I’ve been spending the last few days working out some balance to my training for the year. The reason behind this is entering https://www.manaslutrailrace.org/ earlier this year. The basic stats around which are:
10 days for a total of 192km, 12,170m of ascent, 10,994m of descent. Working out at an average of 21k a day, with 1352m of climbing. This all heading from altitude of around 900m up to 5,160m. Half way through there is a children’s race all of the participants get to take part in. Needless to say the whole thing looks beautiful, awe-inspiring and deeply challenging. All happening in November.
Along the way I’ve also got the Snowdon Skyrace at the beginning of May and London Marathon in October. All of which are exciting and things to look forward to – but pose the question, how do I get from here, today to finishing a 10 day Nepalese mountain race.
I’ve been mulling this over and switching back and forth in my head as to how to structure my training, what do I need in my training, when to change different aspects. All of which I love, the challenge of piecing together a plan that I can then adapt and work with. I’ve been really curious about altitude and the impact on human physiology, which has led me back to re-reading the Oxygen Adventage trainers book. From this I decided to review all of the papers that Patrick had kindly made available to instructors on his website. One extract was really useful to study (From McArdle & Katch Exercise Physiology) which outlined the impacts as reduced blood plasma, increased hematocrit, heart rate increase, hyper ventilation to compensate for the reduced pressure of oxygen. Other valuable facts I learnt was the reduction in performance (at heights of around 4,300m) leading to times increasing by 30% or more – which for pacing is key. Carbs as fuel far better than anything with fat, carbs take less oxygen to burn than fat (or convert into energy) which with a reduced availability of oxygen this could be critical. Again really valuable knowledge in how to fuel and what to fuel with.
Another paper I read (I forget which now) was looking at the positive impact resonance breathing had on high altitude sickness and in more general terms the benefits of using resonant / coherent breathing at altitude to help regulate your body. Whilst pleasant at normal altitude, this something that could be absolutely critical post running in Nepal.
All of the re-reading of altitude studies then reminded me of a case study I have of a guy walking to Everest base camp, so I dug this out and can see the OA breathing protocols he used and the timescales attached to them – 12 weeks out being key to adding in some more taxing altitude breathwork practices.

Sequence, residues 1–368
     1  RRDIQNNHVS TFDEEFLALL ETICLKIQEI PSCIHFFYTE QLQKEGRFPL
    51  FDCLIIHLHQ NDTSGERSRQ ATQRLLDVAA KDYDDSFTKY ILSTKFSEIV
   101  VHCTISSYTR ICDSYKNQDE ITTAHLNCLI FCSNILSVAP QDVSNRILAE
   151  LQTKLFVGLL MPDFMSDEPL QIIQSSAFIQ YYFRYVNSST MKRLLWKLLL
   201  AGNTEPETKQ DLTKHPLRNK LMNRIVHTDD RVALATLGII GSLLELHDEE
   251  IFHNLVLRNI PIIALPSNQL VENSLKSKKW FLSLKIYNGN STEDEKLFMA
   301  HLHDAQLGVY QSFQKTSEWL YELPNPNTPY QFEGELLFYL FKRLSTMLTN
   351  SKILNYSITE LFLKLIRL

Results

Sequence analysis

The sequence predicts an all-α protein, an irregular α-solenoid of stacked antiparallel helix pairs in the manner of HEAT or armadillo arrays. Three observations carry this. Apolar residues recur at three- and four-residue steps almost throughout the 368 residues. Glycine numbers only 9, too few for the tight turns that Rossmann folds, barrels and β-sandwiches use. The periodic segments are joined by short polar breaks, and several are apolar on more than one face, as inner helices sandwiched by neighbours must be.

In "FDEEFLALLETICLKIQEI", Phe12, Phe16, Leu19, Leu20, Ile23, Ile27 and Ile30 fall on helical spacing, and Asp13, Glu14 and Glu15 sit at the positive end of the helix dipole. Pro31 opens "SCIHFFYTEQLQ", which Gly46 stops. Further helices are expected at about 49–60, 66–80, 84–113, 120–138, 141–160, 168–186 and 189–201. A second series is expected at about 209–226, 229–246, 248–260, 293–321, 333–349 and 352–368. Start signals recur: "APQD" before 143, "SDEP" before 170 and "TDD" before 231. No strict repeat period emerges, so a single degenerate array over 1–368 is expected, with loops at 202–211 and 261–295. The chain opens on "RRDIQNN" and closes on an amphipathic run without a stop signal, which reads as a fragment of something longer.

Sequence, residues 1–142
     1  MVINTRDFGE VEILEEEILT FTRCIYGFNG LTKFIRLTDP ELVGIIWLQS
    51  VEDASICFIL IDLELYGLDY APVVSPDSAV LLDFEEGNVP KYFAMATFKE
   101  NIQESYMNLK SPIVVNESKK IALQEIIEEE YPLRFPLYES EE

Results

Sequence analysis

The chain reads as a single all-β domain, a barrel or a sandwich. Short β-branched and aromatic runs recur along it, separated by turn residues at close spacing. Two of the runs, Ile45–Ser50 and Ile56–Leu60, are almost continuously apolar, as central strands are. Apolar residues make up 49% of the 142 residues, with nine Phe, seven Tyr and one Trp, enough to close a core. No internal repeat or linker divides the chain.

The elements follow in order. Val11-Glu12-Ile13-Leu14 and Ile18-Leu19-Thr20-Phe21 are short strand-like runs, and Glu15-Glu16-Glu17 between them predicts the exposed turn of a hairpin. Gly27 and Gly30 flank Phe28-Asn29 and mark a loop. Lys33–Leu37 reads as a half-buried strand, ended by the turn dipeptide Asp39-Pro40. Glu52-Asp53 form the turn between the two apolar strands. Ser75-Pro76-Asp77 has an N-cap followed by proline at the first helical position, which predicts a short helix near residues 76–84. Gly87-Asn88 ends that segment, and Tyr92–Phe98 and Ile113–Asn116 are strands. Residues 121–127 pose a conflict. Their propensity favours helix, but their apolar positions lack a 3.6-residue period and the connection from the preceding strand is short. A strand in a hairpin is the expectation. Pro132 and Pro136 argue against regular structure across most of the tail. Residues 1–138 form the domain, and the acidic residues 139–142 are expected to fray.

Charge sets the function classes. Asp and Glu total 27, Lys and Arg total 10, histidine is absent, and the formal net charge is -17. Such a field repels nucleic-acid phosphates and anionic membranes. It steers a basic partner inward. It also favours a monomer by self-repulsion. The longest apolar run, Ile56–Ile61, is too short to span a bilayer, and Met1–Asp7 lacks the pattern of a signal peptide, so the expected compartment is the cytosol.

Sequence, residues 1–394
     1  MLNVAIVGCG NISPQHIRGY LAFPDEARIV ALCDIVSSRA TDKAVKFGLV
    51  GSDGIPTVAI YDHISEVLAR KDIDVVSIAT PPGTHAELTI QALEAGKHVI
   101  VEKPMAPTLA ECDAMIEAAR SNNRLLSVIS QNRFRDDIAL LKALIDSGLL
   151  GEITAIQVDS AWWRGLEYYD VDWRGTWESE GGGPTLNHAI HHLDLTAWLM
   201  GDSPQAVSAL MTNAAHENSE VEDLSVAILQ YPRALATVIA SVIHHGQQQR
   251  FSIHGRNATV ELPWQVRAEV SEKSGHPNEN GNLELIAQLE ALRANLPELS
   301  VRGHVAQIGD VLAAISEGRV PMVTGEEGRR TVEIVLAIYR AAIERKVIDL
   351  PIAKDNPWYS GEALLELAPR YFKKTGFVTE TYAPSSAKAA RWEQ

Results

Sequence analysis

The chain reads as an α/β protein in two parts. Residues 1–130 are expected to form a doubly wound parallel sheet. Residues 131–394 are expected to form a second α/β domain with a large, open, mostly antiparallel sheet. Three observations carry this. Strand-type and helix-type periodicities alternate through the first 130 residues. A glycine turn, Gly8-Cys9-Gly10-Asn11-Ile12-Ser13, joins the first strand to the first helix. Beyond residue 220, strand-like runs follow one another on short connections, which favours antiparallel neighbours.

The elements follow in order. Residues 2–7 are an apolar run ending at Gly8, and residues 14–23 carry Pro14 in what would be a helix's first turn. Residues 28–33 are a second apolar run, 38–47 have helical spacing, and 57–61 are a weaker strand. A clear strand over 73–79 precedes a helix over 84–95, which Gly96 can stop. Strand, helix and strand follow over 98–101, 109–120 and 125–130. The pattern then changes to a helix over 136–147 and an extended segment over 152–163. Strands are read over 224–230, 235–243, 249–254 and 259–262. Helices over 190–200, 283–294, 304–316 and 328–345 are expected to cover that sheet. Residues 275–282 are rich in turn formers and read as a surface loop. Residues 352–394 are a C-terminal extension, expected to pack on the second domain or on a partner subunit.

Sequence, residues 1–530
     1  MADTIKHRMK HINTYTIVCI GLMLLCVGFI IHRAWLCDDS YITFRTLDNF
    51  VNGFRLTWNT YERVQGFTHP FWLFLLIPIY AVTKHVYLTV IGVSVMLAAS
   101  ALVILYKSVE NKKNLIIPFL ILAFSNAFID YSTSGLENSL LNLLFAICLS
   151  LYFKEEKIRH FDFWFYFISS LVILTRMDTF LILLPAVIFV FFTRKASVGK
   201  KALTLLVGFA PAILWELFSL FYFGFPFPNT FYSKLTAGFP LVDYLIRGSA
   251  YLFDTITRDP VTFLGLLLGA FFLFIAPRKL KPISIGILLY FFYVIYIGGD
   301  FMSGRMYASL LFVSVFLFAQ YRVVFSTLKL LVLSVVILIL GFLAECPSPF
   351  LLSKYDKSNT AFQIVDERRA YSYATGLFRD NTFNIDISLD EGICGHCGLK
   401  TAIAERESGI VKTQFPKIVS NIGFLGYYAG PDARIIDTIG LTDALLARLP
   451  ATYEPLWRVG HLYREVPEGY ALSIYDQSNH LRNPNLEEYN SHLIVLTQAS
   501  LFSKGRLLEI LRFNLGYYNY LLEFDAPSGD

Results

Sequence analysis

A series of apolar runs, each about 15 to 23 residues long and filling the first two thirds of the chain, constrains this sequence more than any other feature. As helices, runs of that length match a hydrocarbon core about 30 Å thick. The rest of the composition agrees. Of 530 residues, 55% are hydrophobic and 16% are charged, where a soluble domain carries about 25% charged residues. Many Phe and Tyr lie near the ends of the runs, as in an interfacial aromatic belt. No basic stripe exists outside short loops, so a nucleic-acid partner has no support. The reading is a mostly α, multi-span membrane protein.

Which brings me back to training. I’ve broken it down as a skeleton to build and work in:
- Running will be key, but how to balance? Recovery between hard sessions, no more than 2 a week.
- Work from the extremes and come to the centre – so weekly short speed (either up hills or flat) and tacked onto an easy run. Alongside which run long once a week, and hills critical in this.
- I know from the last year that I need to be strong, so weekly lifting of weights key(Jay Dicharry’s Running Rewired invaluable here).
- Carefully plan the load, as it changes and increases – Training for the Uphill Athlete by Steve House, Scott Johnston a really good starting point to work from.
- Variety in training – cycling, snowboarding & hiking
- Consistency. Doing all of above can only happen if I stay fit and healthy.
- Breathwork that allows my body to work effectively and efficiently. Cadence breathing to recover, nasal breathing on everything easy and breath holds to ramp things up for speed.
- How to measure all of above – this something that fascinates the geek in me. Whoop for physiology (I see this as an interesting tool in trends and watching that I stay healthy). I’m trying to get my head around whether it is worthwhile to invest in SuperSapiens constant glucose monitors for a short period of time, to ascertain my fuelling needs as my training ramps up. Alongside which I’m also giving blood tests from Forth Edge the same consideration. What is my starting point, how am I shifting after 3 months and again at 6? I’m equally curious about lactate thresholds and how I can utilise this info for training. The challenge here is getting a fixed point in a lab, vs recognising what this LT feels like in threshold runs and how to dial that feeling in and respond if the LT changes as the training changes.
- Rest / recovery – sleep, massage, massage guns, Powerdot, Therabody legs unit. All of which I am finding have a place.
- When to switch training for marathon specific work and how much marathon specific work?
All of which are things I love and utterly fascinated by the process. I’m ken to record and share everything that I do here, what worked for me and what didn’t. How responded to various protocols and what I can then use and integrate into my own teaching / coaching. One learning I have recently made is the key impact a short walk, pre-running has for me, on my heart rate. I’ve discovered that by walking for 4-5 minutes before I start my run, my heart rate throughout an easy run will stay anywhere from 15 – 8 BPM lower. Which over the course of an hour is significant. So this something that is here to stay for me on all my runs.